menu

Kaldheim Made Giant Tribal Commander Decks A Thing

The spoiling of Dwarves returning as a tribal theme in Kaldheim brought attention and big price spikes to some existing Dwarves and enablers, like Dwarven Bloodboiler and Dwarven Recruiter. The reveal of a Giants theme isn’t quite the same surprise, as Giants have seen more significant support in recent years compared to Dwarves being brought back from the dead, but it’s sure to increase demand for past Giants and drive up prices, so there may be some opportunities.

The Giants of Kaldheim

The biggest surprise from Kaldheim is that the Giant tribe has expanded to blue, specifically Izzet, where in the past its red base has been paired with white. Sagas Invasion of the Giants and Battle of Frost and Fire are two exciting new Izzet-color Giant-themed cards driving buzz for the tribe. Red and blue have each brought a few exciting Giant cards of their own –  in total Kaldheim brings around 10 quality cards for a Giant Commander deck.

Battle of Frost and Fire · Kaldheim (KHM) #204 · Scryfall Magic: The Gathering Search

Calamity Bearer · Kaldheim (KHM) #125 · Scryfall Magic: The Gathering Search

Surtland Flinger · Kaldheim (KHM) #377 · Scryfall Magic: The Gathering Search

The printing of Legendary Giant Aegar, the Freezing Flame brings a perfect new build-around Commander for the tribe. There already happens to be a giant Commander available in Ruhan of the Fomori, which opens up a full three-color Jeskai deck that has all of the best cards the Giant tribe has to offer


An obscure card with just one printing almost ten years ago, and available for around $4, Ruhan of the Fomori seems like a great spec in anticipation of Kaldheim driving new Giant Commander decks.


A sure inclusion in any Giant Commander deck will be Giant Harbinger, which has one printing over 13 years ago but is still only worth about a quarter. There are far fewer of these floating around than more recent cards, and a sudden spike of demand will start drying up supplies and drive the price higher.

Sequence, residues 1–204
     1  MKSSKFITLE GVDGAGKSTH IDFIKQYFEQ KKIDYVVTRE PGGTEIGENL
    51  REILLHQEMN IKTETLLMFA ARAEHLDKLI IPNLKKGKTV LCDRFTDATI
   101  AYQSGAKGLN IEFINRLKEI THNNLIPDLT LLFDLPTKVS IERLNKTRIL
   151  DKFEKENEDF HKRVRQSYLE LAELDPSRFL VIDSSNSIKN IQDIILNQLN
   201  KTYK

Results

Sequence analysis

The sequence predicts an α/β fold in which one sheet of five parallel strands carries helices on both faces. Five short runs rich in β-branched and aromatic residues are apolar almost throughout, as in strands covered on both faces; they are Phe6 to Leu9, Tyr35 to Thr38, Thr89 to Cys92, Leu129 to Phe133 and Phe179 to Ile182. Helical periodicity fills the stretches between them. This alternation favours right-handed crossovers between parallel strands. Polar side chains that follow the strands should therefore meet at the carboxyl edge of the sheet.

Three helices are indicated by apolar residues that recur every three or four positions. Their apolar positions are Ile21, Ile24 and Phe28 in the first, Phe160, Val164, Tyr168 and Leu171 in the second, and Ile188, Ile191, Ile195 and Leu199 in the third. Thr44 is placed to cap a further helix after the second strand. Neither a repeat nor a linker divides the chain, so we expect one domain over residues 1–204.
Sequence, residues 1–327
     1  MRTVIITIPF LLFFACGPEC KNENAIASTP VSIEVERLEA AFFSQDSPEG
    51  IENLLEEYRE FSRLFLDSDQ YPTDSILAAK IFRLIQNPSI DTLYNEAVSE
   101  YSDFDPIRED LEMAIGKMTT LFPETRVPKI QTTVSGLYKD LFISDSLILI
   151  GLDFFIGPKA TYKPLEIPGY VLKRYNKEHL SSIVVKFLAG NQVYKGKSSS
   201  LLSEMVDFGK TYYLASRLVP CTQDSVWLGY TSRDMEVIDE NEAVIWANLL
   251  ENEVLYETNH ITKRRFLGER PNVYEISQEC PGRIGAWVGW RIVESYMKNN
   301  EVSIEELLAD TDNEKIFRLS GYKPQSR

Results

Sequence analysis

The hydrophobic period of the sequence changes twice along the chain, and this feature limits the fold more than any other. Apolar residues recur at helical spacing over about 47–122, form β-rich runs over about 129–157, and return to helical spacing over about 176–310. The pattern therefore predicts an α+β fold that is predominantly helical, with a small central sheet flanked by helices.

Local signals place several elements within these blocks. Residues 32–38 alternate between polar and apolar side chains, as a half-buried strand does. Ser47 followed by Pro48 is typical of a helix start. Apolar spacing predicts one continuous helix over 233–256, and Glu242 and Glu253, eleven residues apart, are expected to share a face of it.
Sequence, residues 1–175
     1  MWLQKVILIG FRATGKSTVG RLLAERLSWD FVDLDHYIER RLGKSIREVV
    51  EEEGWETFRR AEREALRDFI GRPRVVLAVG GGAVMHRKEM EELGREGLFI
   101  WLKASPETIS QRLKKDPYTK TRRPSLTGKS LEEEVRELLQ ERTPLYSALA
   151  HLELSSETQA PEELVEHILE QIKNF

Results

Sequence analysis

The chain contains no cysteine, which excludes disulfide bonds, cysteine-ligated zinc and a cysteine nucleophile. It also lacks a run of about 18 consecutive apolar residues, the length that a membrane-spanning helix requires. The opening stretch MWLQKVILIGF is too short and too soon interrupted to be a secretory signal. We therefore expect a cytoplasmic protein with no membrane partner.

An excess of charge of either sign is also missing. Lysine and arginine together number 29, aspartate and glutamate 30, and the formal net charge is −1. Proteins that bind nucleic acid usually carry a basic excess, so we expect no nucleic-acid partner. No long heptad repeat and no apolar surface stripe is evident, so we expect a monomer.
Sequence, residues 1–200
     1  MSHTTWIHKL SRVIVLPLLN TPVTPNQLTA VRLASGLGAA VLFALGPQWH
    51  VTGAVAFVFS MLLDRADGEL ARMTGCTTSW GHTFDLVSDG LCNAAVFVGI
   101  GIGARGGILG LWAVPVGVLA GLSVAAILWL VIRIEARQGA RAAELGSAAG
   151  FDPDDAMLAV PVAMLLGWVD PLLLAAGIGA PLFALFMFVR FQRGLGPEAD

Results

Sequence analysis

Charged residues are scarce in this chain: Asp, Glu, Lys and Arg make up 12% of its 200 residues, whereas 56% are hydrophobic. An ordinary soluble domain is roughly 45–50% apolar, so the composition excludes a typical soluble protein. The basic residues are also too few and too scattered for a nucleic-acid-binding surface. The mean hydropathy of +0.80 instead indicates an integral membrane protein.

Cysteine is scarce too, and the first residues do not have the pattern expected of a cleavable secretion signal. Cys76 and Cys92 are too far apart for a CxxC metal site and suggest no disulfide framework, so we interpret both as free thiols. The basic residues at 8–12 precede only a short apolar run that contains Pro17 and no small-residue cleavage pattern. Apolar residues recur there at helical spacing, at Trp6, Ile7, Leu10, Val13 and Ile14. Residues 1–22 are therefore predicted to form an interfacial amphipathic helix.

There’s a bunch of older giants that don’t really see much play, so a spike in demand from nothing to something could start really sending prices up.


One good-looking Giant for a spec is Protector of the Crown, which brings the powerful Monarch effect along with a very Giant-esque ability. Its price has actually already tripled since December, up to $2.30 from around $0.75, and the trajectory shows now signs of turning down.


Palisade Giant brings its own version of the same damage-soaking effect, and with a single printing feels like a bargain at $0.30.


Countryside Crusher has always been an underrated and underplayed card for its ability to filter lands away while growing into a big threat. It is surely one of the more competitive Giants ever printed, and at a buck feels like a solid price as Giants evolve into a real tribe.


An obscure Giant that I have my eye on is Jotun Owl Keeper, which like Countryside Crusher is unique for being a relatively low-cost card in a tribe full of creatures costing 6 or more mana. It’s a solid card that generates value, and even includes blue in its cumulative upkeep cost, so seems to be a great fit. As an Uncommon from Coldsnap, a set notorious for low supply and high prices, feels cheap at a quarter.


It should also be noted that Theros Beyond Death brought Thryx, the Sudden Storm, which quietly belied that blue Giants were coming as a tribe, where it acts as a perfect support card. As a recent card I’m not sure this can really spike huge anytime soon, but sitting at $0.50 over the past year, must be underpriced given recent developments with the tribe.